Armored personnel carriers prowl the streets as bulky stormtroopers with automatic weapons and body armor batter down doors. Light aircraft and drones cruise the skies above, monitoring the movements to and from individual dwellings 24/7. Afghanistan? Nope, this is the troubling image of white-picket-fence America presented in director Craig Atkinson's documentary "Do Not Resist," where every small town needs an IED-proof armored vehicle.

Armed with surplus Iraq War gear under a federal giveaway, paramilitary SWAT teams are suffering from mission creep, increasingly being used for things like crowd control (see Standing Rock) and domestic search warrants. The film notes that in the 1980s there were only about 3,000 SWAT team deployments annually, but in recent years it's swelled to around 50,000-60,000.

Atkinson spent two years in 11 states, gathering footage from protests, town hall meetings, patrol cars and police training seminars. The film features both talking heads discussing "crime forecasting" and wired "no-knock" SWAT team raids on suspected drug dealers — who turn out to be just some family, but they still have to foot the bill for the smashed-in doors and windows. ("You can do s—- like that?" asks the bewildered homeowner.)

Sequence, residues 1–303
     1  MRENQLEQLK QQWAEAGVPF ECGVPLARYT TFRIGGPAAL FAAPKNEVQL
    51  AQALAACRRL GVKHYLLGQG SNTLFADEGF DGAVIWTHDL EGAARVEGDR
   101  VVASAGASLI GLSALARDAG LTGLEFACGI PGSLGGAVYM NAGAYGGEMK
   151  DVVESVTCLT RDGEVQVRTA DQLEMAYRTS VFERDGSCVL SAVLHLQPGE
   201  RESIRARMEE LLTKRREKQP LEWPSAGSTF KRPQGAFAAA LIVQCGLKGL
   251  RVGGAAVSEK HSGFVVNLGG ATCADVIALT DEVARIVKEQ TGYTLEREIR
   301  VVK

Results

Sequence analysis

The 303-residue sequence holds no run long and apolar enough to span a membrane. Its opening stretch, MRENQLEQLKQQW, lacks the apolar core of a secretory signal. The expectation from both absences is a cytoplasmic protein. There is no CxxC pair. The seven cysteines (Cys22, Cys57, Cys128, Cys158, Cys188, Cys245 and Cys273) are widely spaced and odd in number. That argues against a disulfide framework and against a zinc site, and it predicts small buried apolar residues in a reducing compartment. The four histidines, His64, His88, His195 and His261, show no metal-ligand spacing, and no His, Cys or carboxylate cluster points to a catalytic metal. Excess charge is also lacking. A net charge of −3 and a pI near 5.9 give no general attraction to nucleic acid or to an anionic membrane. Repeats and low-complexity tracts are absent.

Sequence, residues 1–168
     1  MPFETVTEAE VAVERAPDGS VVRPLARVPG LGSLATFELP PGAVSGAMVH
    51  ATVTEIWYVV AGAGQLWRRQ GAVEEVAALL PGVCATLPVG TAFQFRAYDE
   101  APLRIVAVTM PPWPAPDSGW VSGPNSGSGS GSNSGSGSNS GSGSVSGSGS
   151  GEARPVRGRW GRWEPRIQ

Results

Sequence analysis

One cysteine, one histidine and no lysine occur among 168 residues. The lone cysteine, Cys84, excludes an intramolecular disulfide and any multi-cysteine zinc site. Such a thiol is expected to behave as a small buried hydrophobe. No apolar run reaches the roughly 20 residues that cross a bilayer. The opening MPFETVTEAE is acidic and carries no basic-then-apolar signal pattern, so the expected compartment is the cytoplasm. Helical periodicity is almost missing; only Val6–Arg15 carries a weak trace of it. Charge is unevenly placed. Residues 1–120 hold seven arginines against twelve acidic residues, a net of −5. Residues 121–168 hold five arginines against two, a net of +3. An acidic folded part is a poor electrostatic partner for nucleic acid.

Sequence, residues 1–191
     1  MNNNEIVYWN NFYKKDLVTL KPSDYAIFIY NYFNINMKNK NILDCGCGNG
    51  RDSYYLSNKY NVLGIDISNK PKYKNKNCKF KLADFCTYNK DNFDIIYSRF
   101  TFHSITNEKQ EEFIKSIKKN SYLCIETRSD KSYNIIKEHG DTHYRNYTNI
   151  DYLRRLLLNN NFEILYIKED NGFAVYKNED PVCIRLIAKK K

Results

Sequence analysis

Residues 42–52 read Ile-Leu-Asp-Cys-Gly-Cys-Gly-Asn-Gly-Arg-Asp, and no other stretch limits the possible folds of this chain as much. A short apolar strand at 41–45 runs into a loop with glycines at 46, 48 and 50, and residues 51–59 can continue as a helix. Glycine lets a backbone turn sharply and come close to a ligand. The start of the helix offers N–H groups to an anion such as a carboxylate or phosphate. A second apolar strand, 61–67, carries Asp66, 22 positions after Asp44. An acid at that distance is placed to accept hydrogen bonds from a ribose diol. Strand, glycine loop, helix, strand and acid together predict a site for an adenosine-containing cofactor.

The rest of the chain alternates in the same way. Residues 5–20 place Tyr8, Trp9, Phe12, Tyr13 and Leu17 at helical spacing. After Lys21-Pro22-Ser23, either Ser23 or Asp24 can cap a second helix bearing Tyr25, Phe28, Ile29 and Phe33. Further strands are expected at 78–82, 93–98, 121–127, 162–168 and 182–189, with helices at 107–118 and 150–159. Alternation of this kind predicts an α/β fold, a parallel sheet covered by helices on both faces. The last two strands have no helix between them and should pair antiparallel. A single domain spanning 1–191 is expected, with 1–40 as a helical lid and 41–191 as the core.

While some may already smell a liberal-issue film, Atkinson is the son of a SWAT cop and the biggest critic of police overkill here is Republican Sen. Rand Paul. Engage with some nonalternative facts.

"Do Not Resist" can be found on Vimeo, iTunes and Amazon.